Using an FTP client to upload images allows you to bypass the WordPress dashboard. WordPress will only generate copies of images if you upload them via the dashboard. With an FTP client, you can circumnavigate this feature to transfer images from your computer to your site’s server. You can then include the images in posts and pages by linking to them.

Remember to avoid uploading the same images using the Gutenberg editor. If you’ve already uploaded an image using an FTP client, you can simply link to it from the Gutenberg editor. Uploading the image a second time in the Gutenberg editor will only force WordPress to generate copies of it.

2. Set Sizes to 0

While there’s no option to disable WordPress from generating copies of images in different sizes, an alternative workaround is to change their sizes. Setting the sizes of the image copies to 0 will stop WordPress from generating them.

To change the sizes of the thumbnail, medium and large images generated by WordPress, navigate to Settings > Media using the main WordPress menu:

You should see height and width boxes for the three aforementioned formats. Change the values of these boxes to 0.

Of course, WordPress can’t generate images with a height and width of zero pixels. Therefore, setting the height and width of the thumbnail, medium and large images to 0 will stop WordPress from generating image copies.

3. Check Your Theme’s Code

You should check your theme’s code to see if it generates copies of images. From either the WordPress dashboard or an FTP client, open your theme’s functions.php file. All themes have a functions.php file. This file is used to customize and enhance themes with new functionality.

After opening your theme’s functions.php file, use the search function to look for add_image_size. You may find something like this:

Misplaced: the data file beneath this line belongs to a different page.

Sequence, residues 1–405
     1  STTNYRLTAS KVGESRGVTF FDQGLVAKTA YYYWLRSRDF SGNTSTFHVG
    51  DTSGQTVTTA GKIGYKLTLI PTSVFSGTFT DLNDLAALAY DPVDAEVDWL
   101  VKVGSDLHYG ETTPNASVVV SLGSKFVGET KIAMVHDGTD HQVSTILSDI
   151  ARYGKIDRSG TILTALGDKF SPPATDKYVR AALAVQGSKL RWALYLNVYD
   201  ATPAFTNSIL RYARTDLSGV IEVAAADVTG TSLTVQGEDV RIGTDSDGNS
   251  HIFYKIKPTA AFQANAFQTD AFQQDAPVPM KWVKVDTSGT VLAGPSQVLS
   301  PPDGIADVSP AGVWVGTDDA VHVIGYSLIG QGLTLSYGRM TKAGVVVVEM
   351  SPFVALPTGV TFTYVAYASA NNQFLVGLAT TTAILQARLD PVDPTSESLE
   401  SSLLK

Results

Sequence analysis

add_image_size( 'post-thumbnail size', 800, 240 );
add_image_size( 'homepage-thumb size', 220, 180 );
add_image_size( 'fullpage-thumb size', 590, 9999 );

This snippet is used to generate copies of images in different sizes. It’s different, however, than the feature WordPress uses to generate image copies. Even if you set the sizes to image sizes to 0 in the dashboard, your theme may generate image copies independently.

To stop your theme from generating image copies, you’ll need to remove all instances of the add_image_size snippet from its functions.php file.

Warning: Always create a backup before making changes to your theme files. It’s also a good idea to create a child theme to avoid having your changes overwritten by a future update.

Keep in mind that removing the add_image_size snippet will likely affect your theme’s layout. Your theme won’t show the copied and resized images in the defined places. Therefore, you may need to further tweak your theme so that it offers a uniform and attractive layout.

Final Thoughts

WordPress isn’t without flaws. One of the most common complaints is that it generates scaled image copies. By default, WordPress will automatically generate three copies of each image—though your theme may define additional sizes as well.

The good news is that you stop WordPress from generating copies of images by using an FTP client to upload media, setting the sizes to 0, and/or tweaking your theme’s code.

If you have any questions about WordPress scaling images and generating image copies in different sizes, please feel free to leave a comment below!